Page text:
Friday, October 26, 2007

Looking to the Root Causes of Migration: NAFTA

Over the last few years, over 1000 migrants have perished making the hazardous journey through the desert to make new lives in "el Norte." Some were small coffee growers from Vera Cruz, chicken farmers from Jalisco, or vegetable growers from Guadalajara. Others were indigenous subsistence farmers from the Chiapas highlands no longer able to eek out a living. Still others were Guatemalan migrant workers who could not find work on either side of Mexico's border and jumped on El Tren de Muerte (The Death Train) in Tapachula for the first leg of their journey, boarding alongside Salvadorans escaping decades of political upheaval and Hondurans escaping crushing poverty.

Between 6 and 7 million people have taken the arduous journey north, many within the last ten years, most of them coming from poor agriultural areas that are no longer able to support their populations. Yet, with all the debate about reforming US immigration policy and securing the borders, we have not heard one solid proposal to address the root causes of this massive migration.

The question of why so many must leave their homes and families to simply survive is rarely mentioned, but remains the missing piece in the comprehensive immigration reform puzzle.

Most people recognize that the economic conditions in Central and South America drive much of the current migration. It's widely acknowledged that most sender nations suffer from economic inequities that leave the vast majority of their populations living in abject poverty while a small elite ruling class controls most of the wealth.

In Mexico for instance, nearly half of its 106 million people live in poverty, yet it has more billionaires than Switzerland.

But what has fostered these inequities and in fact exacerbated them over the last ten or fifteen is not widely discussed. It is this deeper understanding of the complexities of the issue that seems to be absent from much of the debate.

From the immigration hawks we hear that a mix of government corruption and an inability or unwillingness on the part of people from these countries to effect change has led to the problems in this region. Lou Dobbs tells us that a greedy Mexican government intentionally ships its poor here to avoid upheaval. Others admonish the undocumented migrants living in the US, suggesting they return home and work to fix their own countries rather than look for acceptance here.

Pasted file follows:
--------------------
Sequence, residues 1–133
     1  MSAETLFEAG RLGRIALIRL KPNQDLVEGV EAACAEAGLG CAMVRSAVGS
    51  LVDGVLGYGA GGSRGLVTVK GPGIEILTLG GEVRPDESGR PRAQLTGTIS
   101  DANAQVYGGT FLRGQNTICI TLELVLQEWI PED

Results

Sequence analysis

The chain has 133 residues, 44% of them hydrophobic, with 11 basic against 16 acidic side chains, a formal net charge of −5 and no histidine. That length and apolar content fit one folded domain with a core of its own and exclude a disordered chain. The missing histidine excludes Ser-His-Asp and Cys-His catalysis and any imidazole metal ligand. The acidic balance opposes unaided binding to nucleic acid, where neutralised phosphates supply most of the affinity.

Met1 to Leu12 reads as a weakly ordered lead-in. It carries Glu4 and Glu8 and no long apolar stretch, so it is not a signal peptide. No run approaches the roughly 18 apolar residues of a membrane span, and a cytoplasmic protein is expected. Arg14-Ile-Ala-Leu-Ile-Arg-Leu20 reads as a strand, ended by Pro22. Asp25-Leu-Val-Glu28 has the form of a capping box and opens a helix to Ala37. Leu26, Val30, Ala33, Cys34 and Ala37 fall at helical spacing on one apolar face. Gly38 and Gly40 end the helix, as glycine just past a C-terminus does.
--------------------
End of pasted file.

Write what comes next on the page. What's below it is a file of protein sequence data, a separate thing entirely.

Those supporting comprehensive reform skirt around the issue of causation, looking instead for methods to regulate and accommodate this increasing flow of migrants. Looking to change or shuffle quotas and grant temporary worker status to a large percentage of newly arriving migrants, their plans are also flawed and incomplete. They don't address the reasons this migration is taking place.

But if we are to ever effect meaningful reform of our flawed immigration system we must start to face the tough questions and look for real solutions. We must start to look at causation and how to change the current paradigm.

This video, produced by the Teamsters Union, long-time opponents of NAFTA, looks at one of these root causes of migration.

video link

Admittedly, this Teamster produced video, like everything that comes from the forces at play on the greater Washington stage, presents a picture painted by those with an agenda that doesn't always coincide with the greater concerns of migrants. But with that said, it certainly raises some of the right questions …..questions we need to start to address.


yave said...

I remain unconvinced that NAFTA is a root cause of inter-American migration. It may not have addressed root causes adequately to significantly stem the flow of migration. But calling it a root cause I think misses some important distinctions.

What I saw in this video were politicians speaking to their union constituents. What I would like to see are progressive economists trained in this subject talking about these issues. I would like to see people who have to answer to Mexican voters talking about these issues. What I saw was nativism cloaked in the garb of humanitarian concern. Most of what I heard could easily have come from Lou Dobbs.

Trade is not a zero-sum game. Jobs don’t migrate in the same way that people do. Increased trade, on balance, increases jobs. Yes, we should do more to compensate and retrain those dislocated due to economic changes in a globalized economy. So far efforts along these lines have been seriously deficient. Yes, we should include stronger environmental and labor standards in our trade agreements. Yes, we should work towards political agreements that take into account the interests of Mexicans and other Latin Americans as well as those of U.S. citizens. But the way to do this is not to break down NAFTA. The Teamsters and the restrictionists have no interest in replacing NAFTA with some stronger linkages akin to those in the EU.

Rather than throw up additional barriers between us and Mexico, whether physical or the less tangible kind, I would rather move towards freer movement of labor, goods, and capital patterned on the model of the EU. Isn’t there something liberating about being able to travel from Germany to France, mortal enemies just 60 years ago, without showing a passport? Is Germany any less German or France any less French because of this opening up? Have these countries been made worse off economically as they have integrated? No, they haven’t.

I think NAFTA is the wrong target. But I’m not an economist, and I wish Brad DeLong or Dani Rodrik were here to explain the benefits of trade from a progressive perspective.

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